BRUSSELS – About 50 women lose their lives to domestic violence every week, and 75 percent of women in the workplace have been sexually harassed, according to a European Parliament report on Thursday.
The report called for targeted legislation and policies to address all forms of gender-based violence and discrimination against women and girls. He called for gender-based violence online and offline to be treated as a “particularly serious crime with a cross-border dimension”.
In addition, he called on the European Commission to include gender-based violence as a new area of crime alongside other crimes that must be tackled on a common basis, such as trafficking in human beings, drugs and d weapons, computer crime and terrorism. Parliament adopted the report with 427 votes in favor, 119 against and 140 abstentions.
On Lebanon. The European Parliament on Thursday called on Lebanese political leaders to implement “significant and far-reaching economic and governance reforms”, in particular to restore economic stability and the credibility of the financial sector.
In a resolution adopted by 575 votes in favor, 71 against and 39 abstentions, the EP calls on the European Commission and the EU Member States to engage constructively with the new Lebanese government to implement the reforms necessary to unblock significant macro-financial assistance from the EU.
Lebanese authorities are expected to resume talks with the International Monetary Fund (IMF) as soon as possible to support struggling people in Lebanon through reforms, the resolution said.
The European Parliament also adopted a resolution on Thursday saying that the European Union must reduce its dependence on Russian gas, oil and other raw materials.
The European Green Deal and the reinforcement of new resources will play a crucial geopolitical role in achieving this, says the resolution approved by 494 votes in favor, 103 against and 72 abstentions.
In addition, the resolution calls on the EU to strengthen its capacity to expose and stop the flow of dirty money from Russia, as well as expose the resources and financial assets that autocrats and oligarchs linked to the regime have. hidden in EU member states.
He asks the EU to be ready to refuse recognition of the Russian parliament if the legislative elections in September are held in violation of democratic principles and international law.
The resolution calls on the EU to forge an alliance with the United States and other like-minded partners to counteract Russian and Chinese efforts to weaken democracy around the world.
In a separate resolution adopted today on China, the European Parliament said the EU should continue to discuss global challenges such as climate change and health crises with China, while expressing concerns about systemic human rights violations.
The resolution, adopted by 570 votes in favor, 61 against and 40 abstentions, defines six pillars on which the EU should build a new strategy to engage with China.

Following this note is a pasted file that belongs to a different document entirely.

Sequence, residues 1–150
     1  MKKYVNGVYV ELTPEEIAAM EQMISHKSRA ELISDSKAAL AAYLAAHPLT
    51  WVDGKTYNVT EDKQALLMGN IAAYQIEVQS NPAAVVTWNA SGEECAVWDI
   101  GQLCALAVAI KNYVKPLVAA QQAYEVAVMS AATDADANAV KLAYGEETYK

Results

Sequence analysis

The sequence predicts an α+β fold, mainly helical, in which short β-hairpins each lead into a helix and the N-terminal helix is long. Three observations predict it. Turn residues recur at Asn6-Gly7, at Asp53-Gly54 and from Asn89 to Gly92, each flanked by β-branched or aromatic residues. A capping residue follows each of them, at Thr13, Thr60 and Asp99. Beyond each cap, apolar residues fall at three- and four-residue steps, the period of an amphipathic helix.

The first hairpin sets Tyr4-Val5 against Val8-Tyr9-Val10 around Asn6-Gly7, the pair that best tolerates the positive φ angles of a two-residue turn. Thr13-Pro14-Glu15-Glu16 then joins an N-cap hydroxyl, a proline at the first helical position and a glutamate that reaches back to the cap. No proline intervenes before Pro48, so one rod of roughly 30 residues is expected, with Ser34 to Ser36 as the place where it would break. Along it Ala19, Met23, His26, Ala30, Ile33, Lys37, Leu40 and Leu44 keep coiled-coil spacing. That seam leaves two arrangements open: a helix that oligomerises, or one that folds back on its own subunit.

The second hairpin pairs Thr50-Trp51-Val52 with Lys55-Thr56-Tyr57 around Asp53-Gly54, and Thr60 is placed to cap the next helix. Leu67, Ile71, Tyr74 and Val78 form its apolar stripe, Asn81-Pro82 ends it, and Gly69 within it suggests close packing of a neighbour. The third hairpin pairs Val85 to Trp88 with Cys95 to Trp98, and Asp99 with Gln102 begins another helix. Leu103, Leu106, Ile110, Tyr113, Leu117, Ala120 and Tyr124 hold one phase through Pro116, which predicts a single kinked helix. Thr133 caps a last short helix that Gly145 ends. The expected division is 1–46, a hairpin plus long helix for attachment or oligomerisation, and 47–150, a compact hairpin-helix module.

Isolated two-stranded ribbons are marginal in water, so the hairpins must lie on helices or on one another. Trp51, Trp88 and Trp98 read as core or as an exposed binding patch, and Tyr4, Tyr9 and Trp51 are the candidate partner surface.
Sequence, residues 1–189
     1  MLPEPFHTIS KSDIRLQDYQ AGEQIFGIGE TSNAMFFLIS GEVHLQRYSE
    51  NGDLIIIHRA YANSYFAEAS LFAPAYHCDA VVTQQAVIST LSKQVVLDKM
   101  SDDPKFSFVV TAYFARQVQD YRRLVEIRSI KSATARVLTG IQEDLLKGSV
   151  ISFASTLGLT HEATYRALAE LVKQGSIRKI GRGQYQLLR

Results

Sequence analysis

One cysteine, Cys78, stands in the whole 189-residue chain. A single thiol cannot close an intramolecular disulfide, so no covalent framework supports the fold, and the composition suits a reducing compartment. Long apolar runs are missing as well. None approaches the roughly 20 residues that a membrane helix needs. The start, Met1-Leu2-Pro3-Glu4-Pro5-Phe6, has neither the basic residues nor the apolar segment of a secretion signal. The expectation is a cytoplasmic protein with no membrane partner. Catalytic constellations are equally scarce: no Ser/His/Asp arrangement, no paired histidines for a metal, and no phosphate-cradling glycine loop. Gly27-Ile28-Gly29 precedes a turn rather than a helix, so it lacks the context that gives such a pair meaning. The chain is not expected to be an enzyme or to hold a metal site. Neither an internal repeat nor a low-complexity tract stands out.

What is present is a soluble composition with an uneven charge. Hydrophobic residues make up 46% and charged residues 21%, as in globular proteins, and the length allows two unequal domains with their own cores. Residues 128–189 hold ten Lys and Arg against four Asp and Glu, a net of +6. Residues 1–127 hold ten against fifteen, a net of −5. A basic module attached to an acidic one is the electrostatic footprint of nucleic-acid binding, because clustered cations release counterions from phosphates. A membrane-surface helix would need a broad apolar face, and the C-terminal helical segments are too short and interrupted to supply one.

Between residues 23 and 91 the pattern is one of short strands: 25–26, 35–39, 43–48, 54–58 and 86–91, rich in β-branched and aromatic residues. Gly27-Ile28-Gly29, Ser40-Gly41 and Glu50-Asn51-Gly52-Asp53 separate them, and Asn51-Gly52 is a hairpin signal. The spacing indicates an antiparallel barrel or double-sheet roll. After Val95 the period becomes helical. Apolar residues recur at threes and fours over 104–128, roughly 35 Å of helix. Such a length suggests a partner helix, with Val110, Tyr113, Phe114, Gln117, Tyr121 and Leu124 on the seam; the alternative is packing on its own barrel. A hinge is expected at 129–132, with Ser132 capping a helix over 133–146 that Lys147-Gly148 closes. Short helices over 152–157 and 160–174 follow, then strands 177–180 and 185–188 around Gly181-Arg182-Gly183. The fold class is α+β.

These are cooperation on global challenges, engagement on international standards and human rights, identification of risks and vulnerabilities, building partnerships with like-minded partners, promoting strategic autonomy and the defense of European interests and values.
It proposes the continuation of EU-China cooperation on a series of global challenges, such as human rights, climate change, nuclear disarmament, the fight against global health crises and the reform of multilateral organizations.
The European Parliament on Wednesday adopted the reform of the European Blue Card system to facilitate the employment of highly skilled non-EU nationals and help alleviate labor shortages in key sectors in Europe.
The Blue Card regulation, in place since the end of 2009, defines the entry and residence conditions that third-country nationals and their family members must meet in order to take up highly qualified employment in the EU Member States.
However, the program did not attract enough of these much-needed workers, with just 36,806 blue cards issued in the EU in 2019, with Germany issuing most of them. The reform of the blue card was supported by Parliament with 556 votes to 105 and 31 abstentions.
Under the revised rules, applicants will be required to submit an employment contract or a binding job offer for a minimum of six months as well as proof of higher professional qualifications or skills. Currently, a 12 month contract or offer is required.
Refugees will also be able to apply for a European Blue Card in Member States other than the one in which they have been granted asylum. EU Blue Card holders will be able to move to another EU member state after an initial period of 12 months in the country that first granted them the Blue Card.
They will also benefit from rapid reunification with their family members through faster reunification procedures and access to the labor market for accompanying family members. – Agencies